Furthermore, Shammari warns that “members of the Iranian factions inside Iraqi territory are considered refugees and cannot be expelled.” Any such step, he explains, will encourage Turkey “to put pressure on Iraq to end the Kurdistan Workers’ Party (PKK) file in the same way.”

That is not necessarily the case, legally speaking. Habib Abdel, a France-based expert in international law, says that members of these organizations “cannot be considered refugees under international laws.”

“They did not acquire this status legally, and were embraced by Saddam Hussein’s regime for the purposes of using them against Iran.”

In any case, the Iraqi government announced on 12 September that it has begun relocating Kurdish factions away from the Iraqi border. This has been personally conveyed to Iranian President Ebrahim Raisi by Iraqi Foreign Minister Fuad Hussein, who arrived in Tehran the following day.

Foreign militancy, long overlooked by Iraq 

The origins of this issue trace back to 1979, following the overthrow of the Shah of Iran and the rise of organizations opposing the newly established Islamic Republic. Many of these groups sought refuge in northern Iraq, including prominent factions like the Kurdish Democratic Party of Iran (KDPI), the Marxist leftist Kurdish Komala Party of Iranian Kurdistan, the Free Life Party (PJAK, the Iranian branch of PKK), and the nationalist Organization of the Iranian Kurdistan Struggle (Khabat). Most of these groups have, at some point, been armed and active on the Iraqi side of the border with Iran.

These organizations established their bases in areas north of Erbil and east of Sulaymaniyah, along the 1,460-kilometer Iraqi-Iranian border, which also includes approximately 550 kilometers of the border shared with the IKR. Over the last 40+ years, reports suggest that around 20,000 families of members affiliated with these Iranian armed organizations have settled along this border region.

Iraqi measures: mobilizing the military

On 23 November, 2022, the Ministerial National Security Council in Iraq convened, presided over by Prime Minister Sudani in his role as Commander-in-Chief of the Armed Forces, to address the security situation along the Iraqi border.

The Council made several notable decisions: the redeployment of Iraqi border forces along the borders with Iran and Turkiye; providing logistical support to the border forces command; reinforcing border police stations under the jurisdiction of the Ministry of Interior; and collaborating with the Kurdistan Regional Government and the Ministry of Peshmerga to safeguard Iraqi borders.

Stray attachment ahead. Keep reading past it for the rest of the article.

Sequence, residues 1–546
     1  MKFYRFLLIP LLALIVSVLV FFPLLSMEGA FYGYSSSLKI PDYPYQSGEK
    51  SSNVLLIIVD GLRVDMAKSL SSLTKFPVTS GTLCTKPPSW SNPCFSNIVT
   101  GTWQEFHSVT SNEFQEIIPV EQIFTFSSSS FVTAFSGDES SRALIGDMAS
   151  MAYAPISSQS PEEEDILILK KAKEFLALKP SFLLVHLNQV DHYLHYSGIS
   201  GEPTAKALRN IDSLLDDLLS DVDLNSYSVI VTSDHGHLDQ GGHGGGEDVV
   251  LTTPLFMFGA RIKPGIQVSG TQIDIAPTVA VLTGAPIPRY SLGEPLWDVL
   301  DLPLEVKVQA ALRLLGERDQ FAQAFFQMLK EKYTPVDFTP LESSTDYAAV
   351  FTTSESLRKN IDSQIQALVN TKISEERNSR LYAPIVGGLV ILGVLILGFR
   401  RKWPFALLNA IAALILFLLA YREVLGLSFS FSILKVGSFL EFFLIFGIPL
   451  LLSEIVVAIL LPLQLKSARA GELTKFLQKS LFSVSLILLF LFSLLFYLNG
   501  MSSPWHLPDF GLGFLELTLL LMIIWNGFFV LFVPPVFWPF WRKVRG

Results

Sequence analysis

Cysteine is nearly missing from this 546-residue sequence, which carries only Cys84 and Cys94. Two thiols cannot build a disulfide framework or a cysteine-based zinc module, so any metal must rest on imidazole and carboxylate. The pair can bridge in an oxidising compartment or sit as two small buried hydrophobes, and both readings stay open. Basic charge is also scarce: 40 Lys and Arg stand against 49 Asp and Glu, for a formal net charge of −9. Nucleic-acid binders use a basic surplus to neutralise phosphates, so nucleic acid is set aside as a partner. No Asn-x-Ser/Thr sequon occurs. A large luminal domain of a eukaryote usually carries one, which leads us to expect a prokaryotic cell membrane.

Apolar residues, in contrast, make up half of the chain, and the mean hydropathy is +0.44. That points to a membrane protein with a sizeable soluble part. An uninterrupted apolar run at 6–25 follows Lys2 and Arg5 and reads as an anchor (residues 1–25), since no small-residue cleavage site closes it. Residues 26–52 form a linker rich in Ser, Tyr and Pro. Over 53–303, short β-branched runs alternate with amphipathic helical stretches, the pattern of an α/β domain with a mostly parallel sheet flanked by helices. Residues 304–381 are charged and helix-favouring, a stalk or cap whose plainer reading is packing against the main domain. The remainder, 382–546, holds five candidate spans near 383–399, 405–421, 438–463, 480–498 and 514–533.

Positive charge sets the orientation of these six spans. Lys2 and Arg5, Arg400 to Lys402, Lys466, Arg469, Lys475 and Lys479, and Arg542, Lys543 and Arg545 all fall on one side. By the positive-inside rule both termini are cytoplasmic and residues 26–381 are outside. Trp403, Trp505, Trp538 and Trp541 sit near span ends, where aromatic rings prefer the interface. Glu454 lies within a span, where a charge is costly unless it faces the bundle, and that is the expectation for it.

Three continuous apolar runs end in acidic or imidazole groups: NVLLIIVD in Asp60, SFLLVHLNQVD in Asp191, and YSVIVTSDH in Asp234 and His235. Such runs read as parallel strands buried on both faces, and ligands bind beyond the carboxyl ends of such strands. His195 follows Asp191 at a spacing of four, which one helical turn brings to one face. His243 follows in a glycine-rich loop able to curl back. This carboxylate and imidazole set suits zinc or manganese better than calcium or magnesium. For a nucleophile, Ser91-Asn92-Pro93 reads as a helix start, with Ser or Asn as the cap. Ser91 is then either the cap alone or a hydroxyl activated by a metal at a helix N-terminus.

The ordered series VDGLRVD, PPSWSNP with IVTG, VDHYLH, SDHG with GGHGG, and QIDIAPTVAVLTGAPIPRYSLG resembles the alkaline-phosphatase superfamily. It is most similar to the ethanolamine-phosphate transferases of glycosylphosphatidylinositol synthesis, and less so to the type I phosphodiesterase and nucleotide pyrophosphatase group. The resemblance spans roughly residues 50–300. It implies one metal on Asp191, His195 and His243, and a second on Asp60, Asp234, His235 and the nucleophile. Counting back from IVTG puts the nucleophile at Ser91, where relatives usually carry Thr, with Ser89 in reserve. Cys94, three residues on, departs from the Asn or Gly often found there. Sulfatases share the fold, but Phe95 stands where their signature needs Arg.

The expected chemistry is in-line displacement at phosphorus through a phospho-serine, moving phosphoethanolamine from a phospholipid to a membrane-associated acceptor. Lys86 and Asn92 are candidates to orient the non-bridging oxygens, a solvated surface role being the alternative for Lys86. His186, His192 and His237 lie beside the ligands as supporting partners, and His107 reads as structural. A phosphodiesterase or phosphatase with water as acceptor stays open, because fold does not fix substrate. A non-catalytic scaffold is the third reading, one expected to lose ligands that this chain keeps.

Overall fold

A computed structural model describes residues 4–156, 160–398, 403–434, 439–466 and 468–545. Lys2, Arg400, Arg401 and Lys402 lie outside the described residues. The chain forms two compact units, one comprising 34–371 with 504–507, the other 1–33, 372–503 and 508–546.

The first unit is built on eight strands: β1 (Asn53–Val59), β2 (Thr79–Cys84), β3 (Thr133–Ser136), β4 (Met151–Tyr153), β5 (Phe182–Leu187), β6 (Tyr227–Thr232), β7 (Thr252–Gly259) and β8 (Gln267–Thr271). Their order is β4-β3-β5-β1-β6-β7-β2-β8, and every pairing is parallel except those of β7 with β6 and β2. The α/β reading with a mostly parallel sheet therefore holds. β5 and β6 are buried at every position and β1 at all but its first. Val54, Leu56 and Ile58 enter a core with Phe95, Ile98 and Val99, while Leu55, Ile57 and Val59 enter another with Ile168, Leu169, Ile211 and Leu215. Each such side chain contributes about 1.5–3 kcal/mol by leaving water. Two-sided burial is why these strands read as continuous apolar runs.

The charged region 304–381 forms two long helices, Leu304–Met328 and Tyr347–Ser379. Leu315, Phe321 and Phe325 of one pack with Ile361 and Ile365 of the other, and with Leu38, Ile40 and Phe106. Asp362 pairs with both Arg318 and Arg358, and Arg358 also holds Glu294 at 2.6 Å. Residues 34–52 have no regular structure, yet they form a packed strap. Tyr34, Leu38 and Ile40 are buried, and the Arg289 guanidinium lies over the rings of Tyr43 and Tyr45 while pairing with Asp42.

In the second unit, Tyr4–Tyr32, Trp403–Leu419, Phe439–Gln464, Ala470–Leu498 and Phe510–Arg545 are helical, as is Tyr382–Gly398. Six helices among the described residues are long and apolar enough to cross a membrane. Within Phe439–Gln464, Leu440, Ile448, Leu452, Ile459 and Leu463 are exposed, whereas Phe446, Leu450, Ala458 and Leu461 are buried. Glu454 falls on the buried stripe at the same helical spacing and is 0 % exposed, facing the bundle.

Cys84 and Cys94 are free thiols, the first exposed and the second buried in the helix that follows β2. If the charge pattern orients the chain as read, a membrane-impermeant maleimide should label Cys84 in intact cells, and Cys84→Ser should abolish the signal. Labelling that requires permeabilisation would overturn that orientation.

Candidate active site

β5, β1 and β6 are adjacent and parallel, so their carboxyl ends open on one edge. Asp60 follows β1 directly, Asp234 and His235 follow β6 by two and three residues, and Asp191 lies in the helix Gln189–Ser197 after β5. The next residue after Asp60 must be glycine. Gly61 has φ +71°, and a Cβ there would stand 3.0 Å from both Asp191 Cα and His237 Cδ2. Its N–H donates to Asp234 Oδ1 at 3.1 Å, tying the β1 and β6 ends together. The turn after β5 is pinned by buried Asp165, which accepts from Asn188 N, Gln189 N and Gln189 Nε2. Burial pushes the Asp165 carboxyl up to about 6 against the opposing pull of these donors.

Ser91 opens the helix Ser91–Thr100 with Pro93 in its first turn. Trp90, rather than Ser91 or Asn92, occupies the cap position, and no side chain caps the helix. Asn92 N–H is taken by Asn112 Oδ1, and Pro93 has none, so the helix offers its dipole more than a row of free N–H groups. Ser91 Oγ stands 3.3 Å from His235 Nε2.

According to a security source, the part of the Iraqi-Iranian border located within the IKR is under the command of the First District of the Border Guard Forces, which consists of three brigades of 9,000 soldiers. In mid-July, the Iraqi Ministry of Interior announced the deployment of the 21st Brigade of Border Guard Forces on the Iraqi-Iranian border line in Sulaymaniyah Governorate.

The Ministry’s Director of Media Relations Major General Saad Maan has said that “50 concrete towers and 40 thermal cameras have been erected” at the border, and Iraq will begin to construct 47 border posts on the Iraqi-Iranian zero line.

Iran’s gripe

In recent years, Iranian military forces have launched almost daily attacks with drones and surface-to-air missiles against “separatist terrorist groups that take the Iraqi Kurdistan region as their headquarters to destabilize security in Iran.”

The attack targets are very specific, and almost always target the headquarters of Kurdish militant groups.

The Iranian government includes these operations within the framework of “using its principled right to self-defense in accordance with international law” against groups that “exploit Iraqi territory to plan and carry out sabotage and terrorist acts in Iran,” as stated by the Iranian Permanent Mission to the UN in New York.